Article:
Local weather or climatic conditions are one of three factors that affects the amount of heat loss through conduction. When examining weather conditions, we look at both the inside and outside temperature of a home.
The inside temperature is usually taken as a standard comfort temperature of 65ºF. The outside temperature varies by the hour. Knowing this information can help us to understand two concepts:
- Average outside temperature = Average of the maximum and minimum temperature during the day
- Heating Degree Day (HDD) = The temperature difference through which air has to be treated, or how many degrees the mean temperature fell below 65ºF for the day. It is also an index of fuel consumption.
Determining Heating Degree Day (HDD)
The formula for determining the Heating Degree Day (HHD) is:
To calculate HDD:
- Determine the base temperature or inside temperature:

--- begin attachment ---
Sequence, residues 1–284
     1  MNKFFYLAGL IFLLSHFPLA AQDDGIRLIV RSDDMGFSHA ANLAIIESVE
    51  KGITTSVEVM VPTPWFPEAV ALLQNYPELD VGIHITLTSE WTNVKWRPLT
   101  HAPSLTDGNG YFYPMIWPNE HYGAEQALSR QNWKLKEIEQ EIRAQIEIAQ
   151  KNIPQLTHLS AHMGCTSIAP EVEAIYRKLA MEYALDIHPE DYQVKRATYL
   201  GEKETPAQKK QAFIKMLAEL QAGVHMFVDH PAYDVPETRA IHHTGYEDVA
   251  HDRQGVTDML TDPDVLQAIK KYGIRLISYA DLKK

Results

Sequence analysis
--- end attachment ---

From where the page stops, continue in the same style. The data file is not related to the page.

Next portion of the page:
- Find the day's average outside temperature using this formula:
- Use the HDD formula to solve:
Note: If the Ta is equal to or above 65 ºF, there are no heating degree days for that 24-hour period, or HDD = 0.
Click the play button below, and observe the temperature changes. Then calculate the average temperature and the Heating Degree Day.
Click here to open a text description of the Heating Degree Days activity.
Try This: Determining Heating Degree Day (HDD)
Picture a house with a thermometer on the porch. The current outside temperature is 60 degrees. As thick clouds start to move in, the temperature begins to drop in 5 degree increments, first to 55 degrees, then 50 degrees, etc. When the clouds have completely blocked the Sun, the thermometer reads 40 degrees.
- What is the average temperature?
Hint: Ta = (max temperature + minimum temperature) divided by 2.
- What is the heating degree days?
Hint: HDD = Tbase - Ta
- 50 degrees
- 15 degrees